Last week, after years of speculation, JAY-Z and Beyoncé dropped their highly-anticipated joint album, EVERYTHING IS LOVE, right on time to kick off the summer. In last year's in-depth interview with Dean Banquet from the NYTimes, JAY revealed that Bey's 2016 classic Lemonade and his 4:44 from last year were originally envisioned as a collaborative effort between the power couple. Instead, the rapper advised his wife to release her project first so that she would have the proper stage to publicly put him in his place for cheating on her. He also wanted to receive the heated backlash he deserved from her fans. A year after his apology album, EVERYTHING IS LOVE arrived to set the record straight: the union is stronger than it's ever been.
The album begins with the intimate, mood-setting "SUMMER," which is fitting. This entire record is made to give you every summertime vibe you could want. The opening track sounds like the couple recorded it while curled up together in a hammock—which is a positive and negative. Beyoncé delivers strong vocals, but JAY's verse is fairly pedestrian—even compared to the elder statesmen we heard on 4:44. Gratefully, Brooklyn's Finest picks up the pace as the album progresses.
Beyoncé more than holds up her end of the deal on the album. She flows at double- and triple-time on the trap-inspired bop "APE$HIT." Though, at many times, her iconic presence stands out more than her vocals, we get the sense that Bey still put her heart into each syllable.
The soulfully enticing "BOSS" is one of the most effective records on the project. Uniquely, it sounds the least like their past work together. JAY gives us the keys to black excellence: "Over here we measure success by how many people successful next to you / Here we say you broke if everybody is broke except for you." (These bars could be read as a slight jab at Birdman, who has been a frequent topic of discussion in recent years for the financial exploitation of his team, especially Lil Wayne). Beyoncé then rejoices over how she has built generational wealth for her family: "My great-great grandchildren already rich / That's a lot of brown children on your Forbes list." Still, family is clearly all that matters to her: "Drop my daughter off at school every morning."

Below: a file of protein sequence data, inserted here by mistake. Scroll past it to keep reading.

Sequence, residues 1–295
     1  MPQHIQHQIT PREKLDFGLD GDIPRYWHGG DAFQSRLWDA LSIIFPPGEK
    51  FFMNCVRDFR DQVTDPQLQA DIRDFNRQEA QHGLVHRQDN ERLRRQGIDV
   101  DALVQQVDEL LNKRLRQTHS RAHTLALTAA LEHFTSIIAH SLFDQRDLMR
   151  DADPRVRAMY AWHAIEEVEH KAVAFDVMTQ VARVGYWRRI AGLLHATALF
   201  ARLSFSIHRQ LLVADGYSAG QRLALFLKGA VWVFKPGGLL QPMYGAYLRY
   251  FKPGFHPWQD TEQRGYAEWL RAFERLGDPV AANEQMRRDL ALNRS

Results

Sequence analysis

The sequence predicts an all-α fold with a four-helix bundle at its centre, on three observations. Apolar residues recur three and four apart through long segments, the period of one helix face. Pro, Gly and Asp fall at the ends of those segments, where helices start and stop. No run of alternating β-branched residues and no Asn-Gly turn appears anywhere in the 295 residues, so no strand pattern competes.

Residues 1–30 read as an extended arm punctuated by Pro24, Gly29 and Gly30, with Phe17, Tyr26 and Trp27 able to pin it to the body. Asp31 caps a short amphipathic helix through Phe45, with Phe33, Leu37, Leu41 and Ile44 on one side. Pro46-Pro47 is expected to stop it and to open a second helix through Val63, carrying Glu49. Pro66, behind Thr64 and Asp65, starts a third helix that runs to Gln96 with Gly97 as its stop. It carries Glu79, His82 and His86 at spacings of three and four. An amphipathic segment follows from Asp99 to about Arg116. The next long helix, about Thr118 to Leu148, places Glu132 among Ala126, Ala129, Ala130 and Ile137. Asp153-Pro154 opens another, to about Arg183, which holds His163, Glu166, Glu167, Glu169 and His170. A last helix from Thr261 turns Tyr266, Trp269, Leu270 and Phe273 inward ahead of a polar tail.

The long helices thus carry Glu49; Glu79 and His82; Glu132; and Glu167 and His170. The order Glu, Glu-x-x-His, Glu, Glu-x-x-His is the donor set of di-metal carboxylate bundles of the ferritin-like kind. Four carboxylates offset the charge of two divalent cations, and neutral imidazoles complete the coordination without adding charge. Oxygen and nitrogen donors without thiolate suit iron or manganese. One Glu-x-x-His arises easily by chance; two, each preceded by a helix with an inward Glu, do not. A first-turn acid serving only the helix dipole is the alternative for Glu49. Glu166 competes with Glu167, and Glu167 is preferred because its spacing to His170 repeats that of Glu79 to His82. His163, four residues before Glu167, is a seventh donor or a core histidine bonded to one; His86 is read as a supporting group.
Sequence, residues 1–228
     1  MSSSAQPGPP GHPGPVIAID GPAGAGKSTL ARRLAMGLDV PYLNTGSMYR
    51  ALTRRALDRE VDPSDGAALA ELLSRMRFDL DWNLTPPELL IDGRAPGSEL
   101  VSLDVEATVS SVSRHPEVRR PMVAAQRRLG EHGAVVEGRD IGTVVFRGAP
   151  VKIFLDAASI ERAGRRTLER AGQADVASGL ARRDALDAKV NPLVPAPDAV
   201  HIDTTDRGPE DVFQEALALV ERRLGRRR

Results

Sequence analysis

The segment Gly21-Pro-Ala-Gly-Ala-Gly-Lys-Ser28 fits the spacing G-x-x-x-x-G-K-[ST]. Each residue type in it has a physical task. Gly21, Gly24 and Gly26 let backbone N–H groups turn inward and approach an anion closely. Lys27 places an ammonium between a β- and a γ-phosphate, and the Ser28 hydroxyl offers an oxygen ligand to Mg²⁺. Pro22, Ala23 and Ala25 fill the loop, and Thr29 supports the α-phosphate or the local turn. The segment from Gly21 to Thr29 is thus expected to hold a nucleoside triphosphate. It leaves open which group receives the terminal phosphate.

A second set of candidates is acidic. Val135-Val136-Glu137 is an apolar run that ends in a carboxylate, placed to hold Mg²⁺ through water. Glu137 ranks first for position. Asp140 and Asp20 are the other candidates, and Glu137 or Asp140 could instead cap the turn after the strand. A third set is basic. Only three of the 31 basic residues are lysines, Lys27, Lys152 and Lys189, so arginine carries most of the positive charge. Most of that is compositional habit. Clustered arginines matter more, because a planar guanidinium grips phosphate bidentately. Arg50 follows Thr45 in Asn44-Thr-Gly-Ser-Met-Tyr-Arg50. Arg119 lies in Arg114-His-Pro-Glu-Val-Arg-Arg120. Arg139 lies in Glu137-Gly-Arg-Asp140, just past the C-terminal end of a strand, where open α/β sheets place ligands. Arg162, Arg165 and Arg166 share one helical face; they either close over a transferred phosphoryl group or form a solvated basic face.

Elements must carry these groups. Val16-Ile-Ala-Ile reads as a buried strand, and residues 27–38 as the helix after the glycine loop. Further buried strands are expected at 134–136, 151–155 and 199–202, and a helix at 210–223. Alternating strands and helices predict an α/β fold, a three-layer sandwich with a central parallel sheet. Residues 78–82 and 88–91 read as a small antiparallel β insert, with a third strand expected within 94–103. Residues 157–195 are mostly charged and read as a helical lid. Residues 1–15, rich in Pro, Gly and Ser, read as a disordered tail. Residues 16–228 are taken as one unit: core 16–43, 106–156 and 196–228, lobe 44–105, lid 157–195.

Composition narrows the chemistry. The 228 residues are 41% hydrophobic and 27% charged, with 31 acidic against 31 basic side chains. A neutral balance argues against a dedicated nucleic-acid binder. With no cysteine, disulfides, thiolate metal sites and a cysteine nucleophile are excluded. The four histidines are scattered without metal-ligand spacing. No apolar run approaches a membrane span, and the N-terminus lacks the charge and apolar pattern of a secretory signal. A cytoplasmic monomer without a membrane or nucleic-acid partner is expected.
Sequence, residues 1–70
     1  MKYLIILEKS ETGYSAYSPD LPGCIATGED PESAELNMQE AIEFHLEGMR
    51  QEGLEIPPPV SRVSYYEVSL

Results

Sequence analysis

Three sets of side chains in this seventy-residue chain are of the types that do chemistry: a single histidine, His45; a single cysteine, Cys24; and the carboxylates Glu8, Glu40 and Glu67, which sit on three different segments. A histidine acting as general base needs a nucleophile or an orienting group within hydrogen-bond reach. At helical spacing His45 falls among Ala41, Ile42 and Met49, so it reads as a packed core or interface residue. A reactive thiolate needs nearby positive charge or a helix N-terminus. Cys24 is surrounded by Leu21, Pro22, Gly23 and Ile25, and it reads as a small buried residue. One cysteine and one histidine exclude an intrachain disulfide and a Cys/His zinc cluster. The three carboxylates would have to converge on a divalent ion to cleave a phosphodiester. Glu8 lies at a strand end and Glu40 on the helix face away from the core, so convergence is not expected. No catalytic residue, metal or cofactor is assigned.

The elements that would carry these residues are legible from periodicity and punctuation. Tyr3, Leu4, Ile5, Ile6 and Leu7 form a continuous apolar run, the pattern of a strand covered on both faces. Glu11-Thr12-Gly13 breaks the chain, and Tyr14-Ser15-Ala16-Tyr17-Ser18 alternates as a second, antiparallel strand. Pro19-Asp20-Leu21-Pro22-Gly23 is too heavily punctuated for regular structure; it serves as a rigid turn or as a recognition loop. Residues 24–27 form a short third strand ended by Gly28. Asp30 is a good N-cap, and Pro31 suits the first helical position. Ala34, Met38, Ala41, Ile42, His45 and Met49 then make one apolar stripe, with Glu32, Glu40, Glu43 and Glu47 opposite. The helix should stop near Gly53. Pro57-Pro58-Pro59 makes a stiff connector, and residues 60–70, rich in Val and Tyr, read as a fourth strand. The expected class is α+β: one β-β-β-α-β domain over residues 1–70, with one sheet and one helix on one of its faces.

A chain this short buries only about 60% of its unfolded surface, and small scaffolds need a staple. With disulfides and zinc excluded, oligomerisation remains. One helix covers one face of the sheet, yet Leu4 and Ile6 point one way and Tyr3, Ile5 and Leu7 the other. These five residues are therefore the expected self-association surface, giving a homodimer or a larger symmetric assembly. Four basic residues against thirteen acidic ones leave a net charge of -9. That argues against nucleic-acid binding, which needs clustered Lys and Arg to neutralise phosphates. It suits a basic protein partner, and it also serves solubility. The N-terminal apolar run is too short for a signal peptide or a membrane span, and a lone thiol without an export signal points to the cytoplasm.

Elsewhere on the album, "713"—an area code from Beyoncé's hometown of Houston, Texas—ironically sounds the most like atypical JAY-Z track. Hov describes a challenge many black men face and never confront: the difficulty of opening up and being vulnerable with his wife. Queen Bey had to be the one to lead the way. "Meanwhile you going hard, jumping off the top deck / A leap of faith, I knew I was next," he spits. It's one of many tracks that cement this album as a thoughtful meditation on black love, forgiveness, and preserving joy.
The irresistibly fun "HEARD ABOUT US" sees the couple in brag mode about their notoriety and power. JAY briefly offers commentary about the perils of fame, but doesn't dive much deeper than surface-level analysis. This is certainly a point of critique on this album; for one, there is not much depth and follow-through on some of the most important concepts here.
The aforementioned "BOSS" often comes off as unrelatable flexing more than inspiration. Perhaps the message would be better received if it were delivered from amongst the people instead of down from their castle's balcony. The album's simplicity—short runtime, straightforward song titles, and predictability—have grown more popular in the industry in recent years. But we look to Beyoncé and JAY, as iconic legends, to set trends instead of following them.
There is also a noticeable absence of the standout individual records we'd expect from the pair who gave us "Crazy in Love," "Déjà Vu," and "03 Bonnie and Clyde." Finally, we can all agree that EVERYTHING IS LOVE is certainly less than the sum of these artists' individual parts.
This album doesn't demand many replays and it won't have the earthshaking impact of their last individual efforts, but Bey and JAY have still given us a solid project. Issa vibe. On the uplifting, base-heavy "NICE," JAY asks a reflective question that most entrepreneurs have probably already answered for themselves: "What would you do [if] you knew you couldn't fail?" Sounding more liberated and carefree than ever, Beyoncé chimes in on the hook: "I can do anything."
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